Will Butterworth piano
Henrik Jensen bass
Pete Ibbetson drums

Sleeve illustration by Chloe Vallance

willbutterworth.com

Music Chamber Records – MC0014 (2015)

‘Kind of Cool’ – Wolfgang Haffner

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IT WOULD BE EASY, on a first hearing, to pass off Wolfgang Haffner’s Kind of Cool as bog-standard ‘elevator music’, given his assured, easy-going approach to this stream of jazz favourites. But offering so much more than that, he presents a thread of accessible Summer’s afternoon ‘cool’ in immaculate, straight-ahead renditions including So What, Summertime, and My Funny Valentine.

As a jazz drummer, composer, producer and bandleader, Haffner has for many years been highly regarded throughout his native Germany and beyond – indeed, a weighty back catalogue of recorded and live collaborations (including Pat Metheny, Michael Brecker, John Abercrombie, Michael Wollny) tell their own story. Recalling his early introduction to jazz, it was the LPs of Dave Brubeck, Art Blakey’s Jazz Messengers and the Modern Jazz Quartet that helped Haffner forge his musical identity; and here, he approaches familiar ‘greats’ with a fresh elegance, along with a trio of his own compositions which neatly dovetail into the prevailing chilled groove. A sextet album with guests, the main line-up boasts extraordinary collective experience: Christopher Dell (vibes), Jan Lundgren (piano), Dan Berglund (bass), Dusko Goykovich (trumpet) and Jukka Perko (alto sax), plus Haffner at the kit.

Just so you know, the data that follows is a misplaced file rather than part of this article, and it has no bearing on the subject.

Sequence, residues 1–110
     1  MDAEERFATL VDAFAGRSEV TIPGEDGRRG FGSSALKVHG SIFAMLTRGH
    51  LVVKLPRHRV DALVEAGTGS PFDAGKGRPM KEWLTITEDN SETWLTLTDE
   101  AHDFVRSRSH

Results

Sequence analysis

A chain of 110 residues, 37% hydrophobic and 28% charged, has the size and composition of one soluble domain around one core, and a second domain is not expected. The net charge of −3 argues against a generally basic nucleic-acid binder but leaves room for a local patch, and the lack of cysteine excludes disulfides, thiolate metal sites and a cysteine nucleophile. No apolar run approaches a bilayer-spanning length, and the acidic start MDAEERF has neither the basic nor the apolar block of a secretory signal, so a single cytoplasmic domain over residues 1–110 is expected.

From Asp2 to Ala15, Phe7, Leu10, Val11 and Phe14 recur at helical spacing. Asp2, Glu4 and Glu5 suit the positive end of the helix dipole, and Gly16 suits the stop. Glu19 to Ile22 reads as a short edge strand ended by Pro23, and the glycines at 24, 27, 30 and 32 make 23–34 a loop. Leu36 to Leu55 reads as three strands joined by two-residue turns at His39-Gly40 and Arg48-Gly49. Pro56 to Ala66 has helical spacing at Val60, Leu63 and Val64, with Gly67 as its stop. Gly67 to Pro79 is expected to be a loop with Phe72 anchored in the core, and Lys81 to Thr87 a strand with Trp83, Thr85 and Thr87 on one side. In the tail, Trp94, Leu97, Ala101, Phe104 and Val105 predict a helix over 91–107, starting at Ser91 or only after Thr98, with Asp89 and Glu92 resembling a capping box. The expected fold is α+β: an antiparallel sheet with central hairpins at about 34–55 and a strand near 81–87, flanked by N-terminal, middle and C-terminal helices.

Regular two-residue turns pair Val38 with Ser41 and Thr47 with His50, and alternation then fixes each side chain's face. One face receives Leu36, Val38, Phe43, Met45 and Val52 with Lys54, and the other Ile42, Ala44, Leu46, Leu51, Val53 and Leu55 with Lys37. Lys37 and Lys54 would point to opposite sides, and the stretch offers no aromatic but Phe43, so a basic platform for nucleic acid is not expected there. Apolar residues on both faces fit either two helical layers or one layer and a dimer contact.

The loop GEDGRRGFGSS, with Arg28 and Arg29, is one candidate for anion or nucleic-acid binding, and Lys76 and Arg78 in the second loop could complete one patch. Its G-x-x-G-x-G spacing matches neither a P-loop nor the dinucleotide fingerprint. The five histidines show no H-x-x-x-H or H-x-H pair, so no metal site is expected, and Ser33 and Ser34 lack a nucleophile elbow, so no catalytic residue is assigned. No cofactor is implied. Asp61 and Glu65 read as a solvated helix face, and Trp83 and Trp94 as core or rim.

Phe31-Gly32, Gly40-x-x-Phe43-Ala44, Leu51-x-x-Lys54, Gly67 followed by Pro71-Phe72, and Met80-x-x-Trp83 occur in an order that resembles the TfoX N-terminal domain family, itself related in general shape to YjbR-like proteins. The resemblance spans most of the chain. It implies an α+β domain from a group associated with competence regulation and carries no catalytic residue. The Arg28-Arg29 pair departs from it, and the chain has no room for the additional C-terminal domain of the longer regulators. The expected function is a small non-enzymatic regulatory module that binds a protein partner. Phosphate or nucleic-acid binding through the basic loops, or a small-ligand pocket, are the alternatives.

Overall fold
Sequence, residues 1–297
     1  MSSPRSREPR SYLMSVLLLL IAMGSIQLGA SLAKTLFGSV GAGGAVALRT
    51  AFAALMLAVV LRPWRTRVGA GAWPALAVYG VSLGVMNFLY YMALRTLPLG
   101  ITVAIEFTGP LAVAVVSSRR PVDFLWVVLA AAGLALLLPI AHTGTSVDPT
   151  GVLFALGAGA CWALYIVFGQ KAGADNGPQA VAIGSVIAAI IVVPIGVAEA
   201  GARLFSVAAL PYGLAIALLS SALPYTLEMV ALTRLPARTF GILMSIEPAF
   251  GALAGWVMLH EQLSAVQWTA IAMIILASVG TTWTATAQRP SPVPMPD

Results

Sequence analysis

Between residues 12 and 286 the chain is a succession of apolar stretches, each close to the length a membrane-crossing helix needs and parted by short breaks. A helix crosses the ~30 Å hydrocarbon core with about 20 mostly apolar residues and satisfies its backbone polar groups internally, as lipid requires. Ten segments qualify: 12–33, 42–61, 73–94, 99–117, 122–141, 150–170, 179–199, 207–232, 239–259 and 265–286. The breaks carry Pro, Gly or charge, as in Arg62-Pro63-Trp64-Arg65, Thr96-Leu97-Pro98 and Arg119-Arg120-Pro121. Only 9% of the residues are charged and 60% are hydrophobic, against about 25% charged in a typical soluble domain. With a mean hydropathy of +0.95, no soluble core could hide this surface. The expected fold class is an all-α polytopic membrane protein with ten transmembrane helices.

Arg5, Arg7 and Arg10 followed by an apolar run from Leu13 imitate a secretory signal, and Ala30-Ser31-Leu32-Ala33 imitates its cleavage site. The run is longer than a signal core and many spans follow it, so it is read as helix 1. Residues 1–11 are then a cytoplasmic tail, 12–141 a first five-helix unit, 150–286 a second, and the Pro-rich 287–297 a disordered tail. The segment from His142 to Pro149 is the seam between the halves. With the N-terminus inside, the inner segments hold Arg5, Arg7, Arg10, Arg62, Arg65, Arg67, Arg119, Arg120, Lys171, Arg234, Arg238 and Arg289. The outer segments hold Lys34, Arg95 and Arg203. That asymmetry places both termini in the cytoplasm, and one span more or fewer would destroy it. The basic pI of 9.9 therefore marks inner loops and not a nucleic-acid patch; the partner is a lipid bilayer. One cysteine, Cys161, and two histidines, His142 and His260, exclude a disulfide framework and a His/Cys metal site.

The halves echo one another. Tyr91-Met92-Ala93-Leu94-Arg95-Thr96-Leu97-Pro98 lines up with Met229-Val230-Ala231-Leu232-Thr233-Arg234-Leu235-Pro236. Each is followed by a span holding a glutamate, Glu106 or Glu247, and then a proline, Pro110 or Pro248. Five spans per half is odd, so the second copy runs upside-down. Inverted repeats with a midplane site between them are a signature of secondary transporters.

So a few pointers: Haffner’s gently shuffling Hippie, with Jukka Perko’s mellow alto conjuring thoughts of Paul Desmond’s (Brubeck’s) signature sound, leads to a buoyant, vibes-embellished interpretation of Miles Davis’ So What. The only vocal track finds soulful Max Mutzke (in an impressive first take) easing into Billy Eckstein’s Piano Man, with marvellously measured blues piano from guest Frank Chastenier; and the timeless appeal of Autumn Leaves is longingly windswept by Dusko Goykovich’s muted trumpet. Tantricity (from Haffner’s pen) meanders abstractly before a welcome gear change in Summertime – Gershwin’s spiritual reinvented as a catchy, laid-back swing.

Rodgers & Hart’s My Fully Valentine maintains its slow, haunting mystery thanks to Perko’s silky alto; and the cheeky unison horn demeanour of Nat Adderley’s One For Daddy O swaggers to the velvety trombone of guest Nils Landgren. With reminiscences of Chet Baker’s smooth vocal delivery, I Fall In Love Too Easily smoulders to Goykovitch’s soft trumpet and Jan Lundgren’s pianistic grace. John Lewis’s Django takes a new twist away from MJQ familiarity, its inquiring sax melody entering the realm of TV drama theme; and Haffner’s Remembrance is a fitting bookend, every bit as appealing as its classic companions.

A recording occasionally veering close to soporific in places, the similar key-change oscillations of the first two programmed tracks didn’t initially help to grab the attention (though perhaps Wolfgang would be quite happy with the Miles comparison!). But as the album proceeds, there’s the realisation of ordered clarity and sophistication which becomes increasingly satisfying. Maybe not literally “my favourite work of art”… but, having already received many enjoyable plays, it will no doubt be pressed into action as the long (hopefully warm and sunny) days of Summer approach.

Released on 23 February 2015, further information, audio clips and purchasing can be found at ACT Music.

 

Wolfgang Haffner drums
Christopher Dell vibraphone
Jan Lundgren piano
Dan Berglund bass
Dusko Goykovich trumpet
Jukka Perko alto saxophone
with
Max Mutzke vocals
Frank Chastenier piano
Christian von Kaphengst bass
Nils Landgren trombone

wolfganghaffner.com

ACT Music  – ACT 9576-2 (2015)